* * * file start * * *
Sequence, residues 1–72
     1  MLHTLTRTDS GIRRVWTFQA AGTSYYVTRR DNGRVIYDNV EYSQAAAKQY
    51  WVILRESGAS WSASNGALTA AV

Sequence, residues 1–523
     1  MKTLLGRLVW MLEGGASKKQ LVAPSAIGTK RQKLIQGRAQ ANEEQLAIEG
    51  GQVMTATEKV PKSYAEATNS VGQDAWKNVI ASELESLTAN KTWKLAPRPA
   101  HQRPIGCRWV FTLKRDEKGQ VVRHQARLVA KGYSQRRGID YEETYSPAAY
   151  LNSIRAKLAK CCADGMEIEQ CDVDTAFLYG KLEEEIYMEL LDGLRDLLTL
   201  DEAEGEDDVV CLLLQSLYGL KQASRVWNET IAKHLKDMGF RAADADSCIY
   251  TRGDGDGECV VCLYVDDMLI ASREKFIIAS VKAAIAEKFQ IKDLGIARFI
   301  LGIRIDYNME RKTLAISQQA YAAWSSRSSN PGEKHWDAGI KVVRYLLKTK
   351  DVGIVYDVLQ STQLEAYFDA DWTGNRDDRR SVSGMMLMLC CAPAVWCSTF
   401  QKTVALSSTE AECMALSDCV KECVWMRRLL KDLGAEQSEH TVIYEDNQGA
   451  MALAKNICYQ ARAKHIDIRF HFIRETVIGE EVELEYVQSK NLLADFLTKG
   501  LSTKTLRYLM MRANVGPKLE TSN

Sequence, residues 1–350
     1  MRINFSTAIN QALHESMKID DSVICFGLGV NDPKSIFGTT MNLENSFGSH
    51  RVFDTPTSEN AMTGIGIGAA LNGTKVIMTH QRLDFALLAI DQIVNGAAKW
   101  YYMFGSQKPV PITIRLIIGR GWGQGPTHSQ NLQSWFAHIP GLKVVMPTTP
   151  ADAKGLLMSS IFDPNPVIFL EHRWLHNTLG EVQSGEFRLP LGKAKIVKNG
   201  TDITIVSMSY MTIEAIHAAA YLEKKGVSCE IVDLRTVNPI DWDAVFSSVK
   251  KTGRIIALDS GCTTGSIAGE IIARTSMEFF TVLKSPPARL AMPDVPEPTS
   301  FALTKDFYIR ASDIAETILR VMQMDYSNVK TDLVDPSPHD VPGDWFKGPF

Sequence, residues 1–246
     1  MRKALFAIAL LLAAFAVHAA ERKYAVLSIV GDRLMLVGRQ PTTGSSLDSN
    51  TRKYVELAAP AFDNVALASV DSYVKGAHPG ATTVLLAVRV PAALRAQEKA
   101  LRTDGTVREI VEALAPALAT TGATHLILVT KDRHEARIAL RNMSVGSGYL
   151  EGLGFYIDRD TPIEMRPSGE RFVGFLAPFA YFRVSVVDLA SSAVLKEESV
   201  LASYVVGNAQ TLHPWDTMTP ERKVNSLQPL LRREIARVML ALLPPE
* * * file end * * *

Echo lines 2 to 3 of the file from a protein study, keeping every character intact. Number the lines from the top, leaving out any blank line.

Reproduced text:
     1  MLHTLTRTDS GIRRVWTFQA AGTSYYVTRR DNGRVIYDNV EYSQAAAKQY
    51  WVILRESGAS WSASNGALTA AV